"So here you are as far north as you can go in New Hampshire," said Orff, "literally looking into Canada, and you have a stream that was fatal to brook trout."
The warming trends are only getting worse. Doug Inkley, a senior scientist at the NWF, points to a study quoted in the group's report. "The science is telling us that in the lifespan of a child born today, 50 percent of the habitat suitable for coldwater species of fish will no longer be suitable for them."
Another study anticipates that brook trout, the official state fish of Virginia, will be gone from that state's rivers entirely by mid-century, due mostly to warmer and more oxygen-depleted streams. Williams co-authored yet another study that predicted a further 77 percent decline in brook trout habitat nationally by 2080, and a 58 percent loss for cutthroat.
Impacts Beyond Coldwater Species
It's not just coldwater species—the trout and salmon, for instance—that are struggling to adjust. In 2005, the first large-scale die-off of smallmouth bass was witnessed in the Susquehanna River. The culprit: a bacterial disease called columnaris that, according to Williams, "becomes a problem and highly contagious at warmer temperatures, and so is becoming a problem associated with climate change."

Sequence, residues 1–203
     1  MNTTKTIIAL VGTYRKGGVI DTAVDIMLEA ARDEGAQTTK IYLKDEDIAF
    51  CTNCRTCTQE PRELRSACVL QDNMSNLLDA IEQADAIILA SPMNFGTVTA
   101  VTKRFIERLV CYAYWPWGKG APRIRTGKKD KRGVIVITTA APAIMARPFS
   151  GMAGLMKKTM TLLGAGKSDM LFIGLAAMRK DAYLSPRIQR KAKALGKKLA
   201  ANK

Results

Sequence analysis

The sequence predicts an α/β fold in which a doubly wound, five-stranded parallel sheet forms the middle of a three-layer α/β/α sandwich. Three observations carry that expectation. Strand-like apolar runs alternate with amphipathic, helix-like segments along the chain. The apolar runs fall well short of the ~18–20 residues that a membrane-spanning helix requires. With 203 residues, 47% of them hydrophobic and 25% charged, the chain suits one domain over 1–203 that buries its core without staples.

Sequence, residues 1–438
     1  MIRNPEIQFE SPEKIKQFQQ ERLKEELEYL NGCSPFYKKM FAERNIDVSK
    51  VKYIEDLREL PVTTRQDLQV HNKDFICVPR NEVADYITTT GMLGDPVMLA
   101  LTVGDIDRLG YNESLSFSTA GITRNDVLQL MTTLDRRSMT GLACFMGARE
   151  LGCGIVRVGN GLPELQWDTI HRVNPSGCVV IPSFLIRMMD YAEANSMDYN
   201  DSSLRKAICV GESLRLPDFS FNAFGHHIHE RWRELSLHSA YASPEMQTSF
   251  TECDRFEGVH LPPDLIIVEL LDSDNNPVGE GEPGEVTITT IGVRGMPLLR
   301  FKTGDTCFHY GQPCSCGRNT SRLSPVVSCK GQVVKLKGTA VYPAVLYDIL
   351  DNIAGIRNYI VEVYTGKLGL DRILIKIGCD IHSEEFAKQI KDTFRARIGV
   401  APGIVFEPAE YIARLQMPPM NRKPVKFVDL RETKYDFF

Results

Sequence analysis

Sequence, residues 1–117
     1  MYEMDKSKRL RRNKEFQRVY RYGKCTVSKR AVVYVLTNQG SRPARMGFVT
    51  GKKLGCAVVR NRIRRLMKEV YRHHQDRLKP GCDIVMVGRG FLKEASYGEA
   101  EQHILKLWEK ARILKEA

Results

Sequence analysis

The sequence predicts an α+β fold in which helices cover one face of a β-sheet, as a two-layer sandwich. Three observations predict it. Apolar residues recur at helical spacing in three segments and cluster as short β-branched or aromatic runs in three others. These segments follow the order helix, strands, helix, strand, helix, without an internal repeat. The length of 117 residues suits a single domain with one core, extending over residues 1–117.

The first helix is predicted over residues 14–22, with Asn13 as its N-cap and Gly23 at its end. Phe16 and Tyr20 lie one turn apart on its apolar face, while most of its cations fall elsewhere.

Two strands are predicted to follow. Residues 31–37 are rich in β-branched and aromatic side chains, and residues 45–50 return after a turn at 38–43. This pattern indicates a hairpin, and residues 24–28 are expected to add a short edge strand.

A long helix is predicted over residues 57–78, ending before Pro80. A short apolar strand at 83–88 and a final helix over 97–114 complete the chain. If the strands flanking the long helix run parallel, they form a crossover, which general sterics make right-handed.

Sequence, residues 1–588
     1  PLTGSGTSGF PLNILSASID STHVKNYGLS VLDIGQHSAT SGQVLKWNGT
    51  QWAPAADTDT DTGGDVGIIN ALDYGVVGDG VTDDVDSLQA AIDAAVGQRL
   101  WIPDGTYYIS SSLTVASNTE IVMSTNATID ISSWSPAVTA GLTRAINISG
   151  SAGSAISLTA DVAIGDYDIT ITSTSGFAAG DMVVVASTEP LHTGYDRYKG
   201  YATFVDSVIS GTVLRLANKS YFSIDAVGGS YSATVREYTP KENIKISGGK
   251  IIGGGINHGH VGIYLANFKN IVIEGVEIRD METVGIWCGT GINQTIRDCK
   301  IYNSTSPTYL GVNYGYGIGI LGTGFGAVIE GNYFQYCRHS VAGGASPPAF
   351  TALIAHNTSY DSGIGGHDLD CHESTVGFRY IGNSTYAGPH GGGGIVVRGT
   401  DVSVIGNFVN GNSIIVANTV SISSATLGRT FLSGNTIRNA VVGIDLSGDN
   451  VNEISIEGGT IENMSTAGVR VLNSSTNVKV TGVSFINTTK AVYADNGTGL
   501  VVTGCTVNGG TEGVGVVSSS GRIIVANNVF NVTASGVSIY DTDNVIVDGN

Since that first event, these summer die-offs have become the "new normal" in the Susquehanna, and outbreaks are being reported with increasing regularity all across the country.
Lake populations, too, are reeling in this new normal. Temperatures in the Great Lakes, where native species like lake trout, whitefish, walleye, catfish, and sturgeon are popular prey for sport and commercial fishermen, have increased nearly 5 degrees Fahrenheit (nearly 3 degrees Celsius) over the past three decades. Even if these temperate water species can deal with some warming, the higher temperatures bring another risk: an invasion of sea lamprey. (See "Busting 5 Myths About Water Levels on the Great Lakes.")